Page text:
"Well, gosh, David, that seems not only obvious but self-evident as well!"
Yes, it is, which is why I limit comments re the markets' general direction to infrequent updates such as the recent, "At 4 months old, it (this recent uptrend) is getting long in the tooth."
So, okay, yesterday ushered in a return of downside volatility. But what does it mean? Well, it means that markets are not one-way bets, and risk is always present. However, this go-round, things could be different; yesterday's decline could include trend-changing dynamics. For one, the US$ trends down, and nears a breakdown from a crucial long term level of support. $ moves almost always presage something big in the equity and credit markets; recall 1987 as only one example. Which leads to another cliche: Tighten your stops.
My apologies for the brevity of this post. Suddenly, my mouse does not work, and I am crucially dependent upon it. It moves about the page, but does not click on the items I point to. How, then, do I click on my portfolio items? Slamming it on the desk helps, but for how long? So I have just lost 1 hour attempting to isolate the problem (achieved), and correct it (no such luck). All suggestions welcomed.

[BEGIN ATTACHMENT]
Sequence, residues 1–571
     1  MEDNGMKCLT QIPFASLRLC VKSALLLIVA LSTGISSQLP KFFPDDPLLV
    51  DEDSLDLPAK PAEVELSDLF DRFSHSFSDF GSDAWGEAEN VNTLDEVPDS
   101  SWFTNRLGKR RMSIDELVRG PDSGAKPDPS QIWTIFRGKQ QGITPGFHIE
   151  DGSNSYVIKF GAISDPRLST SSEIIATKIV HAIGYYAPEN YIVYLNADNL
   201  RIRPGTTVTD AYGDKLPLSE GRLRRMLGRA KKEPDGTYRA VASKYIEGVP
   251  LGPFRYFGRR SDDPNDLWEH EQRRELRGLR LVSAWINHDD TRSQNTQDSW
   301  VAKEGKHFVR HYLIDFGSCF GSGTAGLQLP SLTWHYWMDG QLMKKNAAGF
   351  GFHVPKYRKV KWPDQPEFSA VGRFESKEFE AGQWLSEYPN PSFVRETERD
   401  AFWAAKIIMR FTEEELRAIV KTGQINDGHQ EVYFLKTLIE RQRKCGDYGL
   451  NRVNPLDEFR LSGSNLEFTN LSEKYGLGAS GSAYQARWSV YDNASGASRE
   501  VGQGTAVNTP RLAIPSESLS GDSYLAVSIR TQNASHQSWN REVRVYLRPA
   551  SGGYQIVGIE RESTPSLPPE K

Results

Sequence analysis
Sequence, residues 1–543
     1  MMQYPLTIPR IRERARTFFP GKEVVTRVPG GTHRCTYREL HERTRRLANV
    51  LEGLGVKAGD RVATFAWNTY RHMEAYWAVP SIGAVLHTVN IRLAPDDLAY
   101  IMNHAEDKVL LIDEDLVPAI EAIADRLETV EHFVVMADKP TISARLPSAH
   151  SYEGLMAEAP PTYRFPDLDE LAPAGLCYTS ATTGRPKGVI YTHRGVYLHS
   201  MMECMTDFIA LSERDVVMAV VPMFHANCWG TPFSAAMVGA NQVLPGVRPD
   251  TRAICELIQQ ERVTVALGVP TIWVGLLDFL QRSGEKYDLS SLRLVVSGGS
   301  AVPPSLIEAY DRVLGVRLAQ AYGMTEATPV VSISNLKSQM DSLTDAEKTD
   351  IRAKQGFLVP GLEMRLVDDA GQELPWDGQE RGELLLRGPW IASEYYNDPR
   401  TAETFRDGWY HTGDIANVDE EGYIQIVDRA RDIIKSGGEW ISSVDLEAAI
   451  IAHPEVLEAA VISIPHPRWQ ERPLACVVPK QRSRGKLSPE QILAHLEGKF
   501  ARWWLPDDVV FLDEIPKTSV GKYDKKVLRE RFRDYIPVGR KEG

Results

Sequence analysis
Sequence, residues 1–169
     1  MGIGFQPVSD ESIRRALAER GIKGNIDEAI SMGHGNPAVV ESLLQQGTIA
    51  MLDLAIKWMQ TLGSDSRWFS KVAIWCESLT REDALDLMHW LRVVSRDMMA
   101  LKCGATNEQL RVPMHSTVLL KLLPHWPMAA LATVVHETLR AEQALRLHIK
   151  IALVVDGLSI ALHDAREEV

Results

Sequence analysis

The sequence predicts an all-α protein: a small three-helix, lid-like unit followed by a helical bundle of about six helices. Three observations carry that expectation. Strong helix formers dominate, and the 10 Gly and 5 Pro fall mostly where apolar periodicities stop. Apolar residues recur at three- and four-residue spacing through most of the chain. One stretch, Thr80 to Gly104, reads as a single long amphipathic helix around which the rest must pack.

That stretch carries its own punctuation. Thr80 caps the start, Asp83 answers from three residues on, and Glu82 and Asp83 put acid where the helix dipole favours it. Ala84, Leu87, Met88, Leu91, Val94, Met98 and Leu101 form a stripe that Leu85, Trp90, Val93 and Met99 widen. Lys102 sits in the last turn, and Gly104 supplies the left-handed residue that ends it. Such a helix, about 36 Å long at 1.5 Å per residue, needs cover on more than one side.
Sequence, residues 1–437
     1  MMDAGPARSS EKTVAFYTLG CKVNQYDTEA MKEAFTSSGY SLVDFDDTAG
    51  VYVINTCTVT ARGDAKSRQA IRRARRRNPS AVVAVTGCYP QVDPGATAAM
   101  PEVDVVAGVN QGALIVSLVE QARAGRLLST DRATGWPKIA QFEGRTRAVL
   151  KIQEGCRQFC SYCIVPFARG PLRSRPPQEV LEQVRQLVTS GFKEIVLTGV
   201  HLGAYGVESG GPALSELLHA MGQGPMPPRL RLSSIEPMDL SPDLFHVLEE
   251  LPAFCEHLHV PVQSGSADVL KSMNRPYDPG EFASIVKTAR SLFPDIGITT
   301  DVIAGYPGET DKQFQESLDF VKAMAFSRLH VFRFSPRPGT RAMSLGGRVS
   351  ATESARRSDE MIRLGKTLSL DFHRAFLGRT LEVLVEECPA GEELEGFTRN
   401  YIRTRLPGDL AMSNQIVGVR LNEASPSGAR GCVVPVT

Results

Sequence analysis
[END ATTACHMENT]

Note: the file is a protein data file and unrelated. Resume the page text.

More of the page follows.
Continued several hours later...
So these sudden squalls of price volatility come about seemingly at random, but are anything but random. In fact, so regular do they occur, that they should be expected. Technical analysis is all about this effort: to discern changes in price based upon pattern recognition, trend lines, etc.
Anyway, these squalls occur, and rarely endure. Due to changes in the backdrop, this decline could be different, although unlikely. Count time: these squalls typically endure 2-4 days. And even if the high for this move is 'in', some testing (of the recent high) is in order so that a top could form. Simple peak & trough analysis will help you discern the difference between landmines and goldmines.
-- David M Gordon / The Deipnosophist